Browsing Department of Cellular Biology and Anatomy: Faculty Research and Presentations by Title
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Reduced-folate carrier (RFC) is expressed in placenta and yolk sac, as well as in cells of the developing forebrain, hindbrain, neural tube, craniofacial region, eye, limb buds and heart.BACKGROUND: Folate is essential for cellular proliferation and tissue regeneration. As mammalian cells cannot synthesize folates de novo, tightly regulated cellular uptake processes have evolved to sustain sufficient levels of intracellular tetrahydrofolate cofactors to support biosynthesis of purines, pyrimidines, and some amino acids (serine, methionine). Though reduced-folate carrier (RFC) is one of the major proteins mediating folate transport, knowledge of the developmental expression of RFC is lacking. We utilized in situ hybridization and immunolocalization to determine the developmental distribution of RFC message and protein, respectively. RESULTS: In the mouse, RFC transcripts and protein are expressed in the E10.0 placenta and yolk sac. In the E9.0 to E11.5 mouse embryo RFC is widely detectable, with intense signal localized to cell populations in the neural tube, craniofacial region, limb buds and heart. During early development, RFC is expressed throughout the eye, but by E12.5, RFC protein becomes localized to the retinal pigment epithelium (RPE). CONCLUSIONS: Clinical studies show a statistical decrease in the number of neural tube defects, craniofacial abnormalities, cardiovascular defects and limb abnormalities detected in offspring of female patients given supplementary folate during pregnancy. The mechanism, however, by which folate supplementation ameliorates the occurrence of developmental defects is unclear. The present work demonstrates that RFC is present in placenta and yolk sac and provides the first evidence that it is expressed in the neural tube, craniofacial region, limb buds and heart during organogenesis. These findings suggest that rapidly dividing cells in the developing neural tube, craniofacial region, limb buds and heart may be particularly susceptible to folate deficiency.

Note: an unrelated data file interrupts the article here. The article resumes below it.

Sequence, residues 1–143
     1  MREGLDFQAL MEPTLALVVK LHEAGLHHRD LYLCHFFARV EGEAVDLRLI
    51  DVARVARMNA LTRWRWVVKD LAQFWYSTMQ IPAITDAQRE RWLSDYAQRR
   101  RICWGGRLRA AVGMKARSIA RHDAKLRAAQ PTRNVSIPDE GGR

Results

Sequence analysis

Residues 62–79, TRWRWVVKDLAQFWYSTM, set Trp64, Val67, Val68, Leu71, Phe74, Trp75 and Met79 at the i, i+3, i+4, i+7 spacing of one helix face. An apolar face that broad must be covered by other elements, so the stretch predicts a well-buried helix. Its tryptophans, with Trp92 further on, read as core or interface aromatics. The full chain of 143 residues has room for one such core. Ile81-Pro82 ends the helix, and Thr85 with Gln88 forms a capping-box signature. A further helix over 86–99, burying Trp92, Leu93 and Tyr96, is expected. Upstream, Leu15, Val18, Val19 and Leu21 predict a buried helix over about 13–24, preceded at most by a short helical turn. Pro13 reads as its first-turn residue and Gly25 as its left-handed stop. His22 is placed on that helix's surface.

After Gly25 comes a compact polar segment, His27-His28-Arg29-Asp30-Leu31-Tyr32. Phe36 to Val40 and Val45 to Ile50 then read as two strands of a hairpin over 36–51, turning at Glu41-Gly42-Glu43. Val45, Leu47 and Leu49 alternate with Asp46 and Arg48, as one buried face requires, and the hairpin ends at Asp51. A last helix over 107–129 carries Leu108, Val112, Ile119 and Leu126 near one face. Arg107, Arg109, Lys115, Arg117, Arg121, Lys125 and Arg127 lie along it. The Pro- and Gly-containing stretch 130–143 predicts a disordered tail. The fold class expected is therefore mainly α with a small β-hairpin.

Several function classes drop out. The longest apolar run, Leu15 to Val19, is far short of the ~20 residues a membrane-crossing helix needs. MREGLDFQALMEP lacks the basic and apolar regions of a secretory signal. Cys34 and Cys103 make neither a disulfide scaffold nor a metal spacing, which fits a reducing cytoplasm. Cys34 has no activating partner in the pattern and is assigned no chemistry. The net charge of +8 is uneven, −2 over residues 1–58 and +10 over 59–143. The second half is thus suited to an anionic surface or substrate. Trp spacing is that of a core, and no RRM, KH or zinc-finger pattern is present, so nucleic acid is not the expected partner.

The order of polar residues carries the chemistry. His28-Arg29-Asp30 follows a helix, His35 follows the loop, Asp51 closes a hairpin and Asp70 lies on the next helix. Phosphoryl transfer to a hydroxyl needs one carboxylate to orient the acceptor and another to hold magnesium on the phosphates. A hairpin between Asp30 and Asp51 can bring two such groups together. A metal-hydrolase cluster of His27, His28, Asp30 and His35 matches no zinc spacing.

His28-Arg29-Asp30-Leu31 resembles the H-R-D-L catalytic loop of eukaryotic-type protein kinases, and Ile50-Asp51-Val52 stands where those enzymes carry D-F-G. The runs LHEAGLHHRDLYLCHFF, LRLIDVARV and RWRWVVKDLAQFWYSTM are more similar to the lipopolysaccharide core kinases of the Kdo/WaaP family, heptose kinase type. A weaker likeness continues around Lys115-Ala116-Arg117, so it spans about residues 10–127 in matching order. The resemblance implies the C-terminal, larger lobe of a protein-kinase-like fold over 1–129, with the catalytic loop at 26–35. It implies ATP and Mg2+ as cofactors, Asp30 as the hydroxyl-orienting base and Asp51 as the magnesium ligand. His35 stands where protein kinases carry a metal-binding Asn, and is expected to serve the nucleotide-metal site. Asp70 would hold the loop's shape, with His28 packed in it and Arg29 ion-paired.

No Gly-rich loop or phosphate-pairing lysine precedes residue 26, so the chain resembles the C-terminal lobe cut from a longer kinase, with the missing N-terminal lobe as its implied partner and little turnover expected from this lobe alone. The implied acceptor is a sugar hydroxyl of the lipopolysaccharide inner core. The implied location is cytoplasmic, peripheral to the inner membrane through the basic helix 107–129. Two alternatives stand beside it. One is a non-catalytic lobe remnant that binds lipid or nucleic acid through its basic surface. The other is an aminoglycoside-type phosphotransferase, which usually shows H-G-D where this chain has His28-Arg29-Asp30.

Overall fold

Rhabdomyosarcomas in Aging A/J MiceRhabdomyosarcomas (RSCs) are skeletal muscle neoplasms found in humans and domestic mammals. The A/J inbred strain developed a high frequency (between 70â 80%) of adult pleomorphic type (APT) RSC at >20 months of age while BALB/cByJ also develop RSC but less frequently. These neoplasms invaded skeletal muscle surrounding either the axial or proximal appendicular skeleton and were characterized by pleomorphic cells with abundant eosinophilic cytoplasm, multiple nuclei, and cross striations. The diagnosis was confirmed by detection of alpha-sarcomeric actin and myogenin in the neoplastic cells using immunocytochemistry. The A/J strain, but not the related BALB/c substrains, is also characterised by a progressive muscular dystrophy homologous to limb-girdle muscular dystrophy type 2B. The association between the development of RSC in similar muscle groups to those most severely affected by the progressive muscular dystrophy suggested that these neoplasms developed from abnormal regeneration of the skeletal muscle exacerbated by the dysferlin mutation. Transcriptome analyses of RSCs revealed marked downregulation of genes in muscular development and function signaling networks. Non-synonymous coding SNPs were found in Myl1, Abra, Sgca, Ttn, and Kcnj12 suggesting these may be important in the pathogenesis of RSC. These studies suggest that A strains of mice can be useful models for dissecting the molecular genetic basis for development, progression, and ultimately for testing novel anticancer therapeutic agents dealing with rhabdomyosarcoma.